We’ve had conversations with judges, but for this installment, I will be discussing appellate strategy with Michael Hendershot, Deputy Solicitor General at the Ohio Solicitor General’s Office. Michael has served as a law clerk for on the Fifth Circuit Court of Appeals, a law clerk for an Ohio Supreme Court Justice, an attorney in private practice, and since 2008, with the Solicitor General’s office, where he has briefed and argued more than 30 appeals at the Ohio Supreme Court.

The conversation below was adapted from an August 2022 CLE at the Columbus Bar Association, where Michael served as the moderator, and I served as a panelist.

First question, what counts as strategizing? What factors do you include in evaluating whether to appeal, what to appeal and — if the decisions are to be made by another — what should they consider in making those choices?

Hendershot:There’s almost no limit to what might be part of the calculation. First in most people’s minds is the cost-benefit analysis of money and time. You also have to consider what the path to an ultimate victory looks like and whether the appealable issue gets you there.
Depending on the client there are issues of public perception for continuing a matter. In my role, there are frequently considerations of long-term goals about establishing precedent.
Posey:Appellate strategizing begins when the dispute is brought to counsel’s attention mainly in the form of a key question counsel should tackle with the client: What does successful resolution look like? I agree sometimes the amount in dispute or the subject matter of the controversy points to a matter being heavily litigated until the issues are narrowed. Sometimes the parties just need the discovery process to see how a future resolution might be achieved through mediation.

Second question: What strategic issues arise when appellate attorneys get involved at the trial court level?

Posey:There are two opportunities for the application of appellate strategy at the trial court. The first, and most traditionally thought of, is making sure the opportunity for success on appeal is maintained. This requires making an appropriate trial record and avoiding waiver in legal arguments on dispositive motions or procedural issues.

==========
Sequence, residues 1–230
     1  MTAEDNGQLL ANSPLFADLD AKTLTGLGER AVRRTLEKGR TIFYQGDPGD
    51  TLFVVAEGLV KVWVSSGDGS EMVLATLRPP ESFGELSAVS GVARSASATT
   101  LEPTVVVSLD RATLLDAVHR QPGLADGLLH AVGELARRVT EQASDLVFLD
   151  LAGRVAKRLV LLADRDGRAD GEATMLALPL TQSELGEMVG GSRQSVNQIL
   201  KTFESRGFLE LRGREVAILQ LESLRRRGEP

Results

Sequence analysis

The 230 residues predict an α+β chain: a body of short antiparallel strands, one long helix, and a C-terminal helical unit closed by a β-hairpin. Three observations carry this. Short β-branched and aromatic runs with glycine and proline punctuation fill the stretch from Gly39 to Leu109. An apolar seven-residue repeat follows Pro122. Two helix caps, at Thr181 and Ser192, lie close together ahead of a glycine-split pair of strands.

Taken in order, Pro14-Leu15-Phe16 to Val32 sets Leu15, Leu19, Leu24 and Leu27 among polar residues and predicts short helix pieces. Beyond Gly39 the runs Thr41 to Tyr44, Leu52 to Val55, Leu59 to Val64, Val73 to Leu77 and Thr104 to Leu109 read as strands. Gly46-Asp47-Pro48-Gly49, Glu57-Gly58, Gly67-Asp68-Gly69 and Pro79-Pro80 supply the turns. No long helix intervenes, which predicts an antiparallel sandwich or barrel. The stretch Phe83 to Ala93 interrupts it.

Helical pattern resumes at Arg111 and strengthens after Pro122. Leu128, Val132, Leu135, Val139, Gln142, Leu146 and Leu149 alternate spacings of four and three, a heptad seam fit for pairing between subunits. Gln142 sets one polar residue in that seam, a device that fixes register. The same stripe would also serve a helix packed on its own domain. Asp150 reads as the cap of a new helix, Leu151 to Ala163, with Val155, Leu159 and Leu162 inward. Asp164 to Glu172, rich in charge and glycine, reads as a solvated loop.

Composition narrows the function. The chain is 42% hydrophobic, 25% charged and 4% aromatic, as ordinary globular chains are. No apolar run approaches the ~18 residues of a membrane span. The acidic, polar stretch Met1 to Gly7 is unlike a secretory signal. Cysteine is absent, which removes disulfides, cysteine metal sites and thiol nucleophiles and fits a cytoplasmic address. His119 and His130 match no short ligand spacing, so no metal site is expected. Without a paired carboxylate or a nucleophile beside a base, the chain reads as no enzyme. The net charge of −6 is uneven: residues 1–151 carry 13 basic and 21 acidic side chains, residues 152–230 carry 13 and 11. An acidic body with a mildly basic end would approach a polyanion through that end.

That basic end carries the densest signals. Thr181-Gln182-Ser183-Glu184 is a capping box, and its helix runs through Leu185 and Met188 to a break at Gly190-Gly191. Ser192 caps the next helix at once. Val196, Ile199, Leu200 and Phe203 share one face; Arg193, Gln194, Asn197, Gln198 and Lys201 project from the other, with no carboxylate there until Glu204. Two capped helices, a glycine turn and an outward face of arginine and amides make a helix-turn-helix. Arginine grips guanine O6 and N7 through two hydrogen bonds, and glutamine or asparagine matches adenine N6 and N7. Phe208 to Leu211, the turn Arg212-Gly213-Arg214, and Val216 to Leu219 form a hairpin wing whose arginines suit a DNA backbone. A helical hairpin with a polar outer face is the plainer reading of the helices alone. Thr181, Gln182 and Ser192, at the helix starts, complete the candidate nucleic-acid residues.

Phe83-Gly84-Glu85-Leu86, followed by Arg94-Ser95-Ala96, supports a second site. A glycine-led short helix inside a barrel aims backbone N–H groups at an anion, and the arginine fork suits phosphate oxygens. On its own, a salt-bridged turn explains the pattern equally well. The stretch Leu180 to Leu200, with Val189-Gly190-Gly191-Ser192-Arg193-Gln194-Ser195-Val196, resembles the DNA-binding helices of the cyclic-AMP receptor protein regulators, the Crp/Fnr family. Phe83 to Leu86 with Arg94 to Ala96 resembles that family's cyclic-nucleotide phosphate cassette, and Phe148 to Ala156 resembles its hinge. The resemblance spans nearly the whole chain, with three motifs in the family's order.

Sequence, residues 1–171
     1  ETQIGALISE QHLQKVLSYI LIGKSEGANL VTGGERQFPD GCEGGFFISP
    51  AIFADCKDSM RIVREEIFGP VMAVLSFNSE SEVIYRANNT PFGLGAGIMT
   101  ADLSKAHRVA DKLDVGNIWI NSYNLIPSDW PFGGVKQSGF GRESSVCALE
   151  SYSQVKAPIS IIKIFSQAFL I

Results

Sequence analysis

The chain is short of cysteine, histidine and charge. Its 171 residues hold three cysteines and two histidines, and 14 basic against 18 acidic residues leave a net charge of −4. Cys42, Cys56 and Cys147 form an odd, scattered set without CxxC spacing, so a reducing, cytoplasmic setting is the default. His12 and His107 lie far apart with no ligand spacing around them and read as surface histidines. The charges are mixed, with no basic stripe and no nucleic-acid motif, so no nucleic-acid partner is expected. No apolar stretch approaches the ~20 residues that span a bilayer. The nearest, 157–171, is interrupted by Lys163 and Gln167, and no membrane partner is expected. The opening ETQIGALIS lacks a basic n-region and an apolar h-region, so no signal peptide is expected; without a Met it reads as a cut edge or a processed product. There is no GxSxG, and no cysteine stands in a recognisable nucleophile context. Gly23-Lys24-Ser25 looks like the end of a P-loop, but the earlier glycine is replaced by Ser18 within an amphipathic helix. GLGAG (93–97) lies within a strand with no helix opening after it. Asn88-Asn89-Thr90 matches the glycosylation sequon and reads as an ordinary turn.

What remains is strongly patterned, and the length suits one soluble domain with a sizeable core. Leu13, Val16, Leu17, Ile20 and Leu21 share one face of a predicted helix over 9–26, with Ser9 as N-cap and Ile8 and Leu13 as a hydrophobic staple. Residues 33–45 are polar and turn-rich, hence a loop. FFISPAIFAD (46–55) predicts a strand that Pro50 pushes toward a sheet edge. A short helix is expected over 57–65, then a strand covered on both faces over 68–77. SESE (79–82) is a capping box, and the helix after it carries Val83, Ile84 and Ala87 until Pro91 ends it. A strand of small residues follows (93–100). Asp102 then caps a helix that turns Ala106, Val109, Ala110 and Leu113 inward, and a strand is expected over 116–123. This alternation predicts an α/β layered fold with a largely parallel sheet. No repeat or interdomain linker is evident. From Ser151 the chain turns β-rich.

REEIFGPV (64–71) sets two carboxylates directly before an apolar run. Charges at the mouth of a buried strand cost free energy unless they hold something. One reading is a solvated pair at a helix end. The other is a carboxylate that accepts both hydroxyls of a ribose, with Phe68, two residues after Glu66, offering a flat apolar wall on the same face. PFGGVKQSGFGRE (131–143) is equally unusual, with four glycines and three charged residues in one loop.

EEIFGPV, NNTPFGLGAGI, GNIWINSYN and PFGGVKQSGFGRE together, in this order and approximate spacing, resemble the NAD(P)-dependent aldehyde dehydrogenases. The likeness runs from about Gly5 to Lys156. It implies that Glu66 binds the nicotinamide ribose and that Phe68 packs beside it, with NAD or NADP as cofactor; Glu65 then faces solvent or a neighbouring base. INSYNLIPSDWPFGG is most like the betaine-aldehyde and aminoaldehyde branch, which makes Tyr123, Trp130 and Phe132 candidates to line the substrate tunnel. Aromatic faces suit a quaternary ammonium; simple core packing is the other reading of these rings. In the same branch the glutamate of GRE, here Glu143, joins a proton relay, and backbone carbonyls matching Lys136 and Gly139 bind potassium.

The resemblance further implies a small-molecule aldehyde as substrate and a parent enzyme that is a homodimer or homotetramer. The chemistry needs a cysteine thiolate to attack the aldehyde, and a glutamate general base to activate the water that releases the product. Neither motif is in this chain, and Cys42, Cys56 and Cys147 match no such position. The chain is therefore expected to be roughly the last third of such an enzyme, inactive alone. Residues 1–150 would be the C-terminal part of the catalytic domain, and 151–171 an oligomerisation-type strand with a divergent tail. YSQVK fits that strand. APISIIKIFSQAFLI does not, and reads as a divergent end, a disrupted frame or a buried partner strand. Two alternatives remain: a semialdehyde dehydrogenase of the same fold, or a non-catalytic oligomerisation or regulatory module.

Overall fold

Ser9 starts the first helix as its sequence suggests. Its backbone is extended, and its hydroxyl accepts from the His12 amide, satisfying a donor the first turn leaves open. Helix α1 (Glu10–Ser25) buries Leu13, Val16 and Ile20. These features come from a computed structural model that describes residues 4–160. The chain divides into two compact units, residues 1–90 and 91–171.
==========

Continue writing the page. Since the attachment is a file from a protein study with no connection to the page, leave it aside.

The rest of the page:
The second is looking for the earliest avenue for appeal, to the extent it would bolster a party’s position. This  includes certified questions of state law (if you’re litigating in federal court), as well as looking for interlocutory appeals on issues that significantly alter outcomes (discovery issues, arbitration, class certification and immunity issues).
Hendershot:I agree that the number one issue is “preservation, preservation, preservation.” The appellate lawyer can help identify running to ground the legal and factual issues that will need to be established in the record in the event of an adverse outcome.

We’ve touched on this briefly, but what are the most important drivers of whether to appeal at all?

Hendershot:Again, the cost-benefit analysis comes into play. An interlocutory appeal slows the matter down is the issue raised critical for success on the merits? And while no appellate lawyer likes to admit they may lose, the parties and the lawyers themselves have reputations before judges and courts that are always in the back of your head.
Posey:The answer to this question often depends on aligning with the client’s goals. In damages cases, economically “rational” clients will factor the cost of the appeal and the potential outcomes in deciding whether to appeal, settle or just give up. For clients where money was not the primary objective some other legal determination is the goal clients often request that the appellate counsel handicap the potential outcomes. In private practice, sometimes those reputational concerns that Michael noted are less a driver than client satisfaction.

Where does appellate strategizing begin for you? Do you talk to the trial counsel? Read the underlying opinion to be appealed? The briefs or motions practice?

Posey:First steps in taking over an appeal depend on the type of judgment giving rise to the opportunity to appeal. After a trial on the merits, you may not just jump into the transcript reviewing the judgment, talking to trial counsel, relevant witnesses and other stakeholders regarding the potential issues will help focus the ultimate review (as well as assist with any post-trial motions necessary to focus the appellate issues). After a dispositive decision on motions, it may be easier or faster to just review the filings and then go through the interview process if appropriate to help identify the relevant issues for appeal.
Hendershot:For me, it most often depends on the area of law. I like to get familiar with the subject matter before reviewing the actual case material. For areas of the Ohio Constitution that I have litigated frequently, I may already know the basics. For something I litigate rarely, like intellectual property issues, I would start with treatises and the main Supreme Court cases. The “pre-reading” helps frame my efforts before I review what was argued below

We appreciate Michael’s insights and the opportunity to collaborate. As identified above, engaging experienced counsel can make important differences. Litigators who think about the impact of appellate issues greatly improve the possibility of cost-effective and successful outcomes.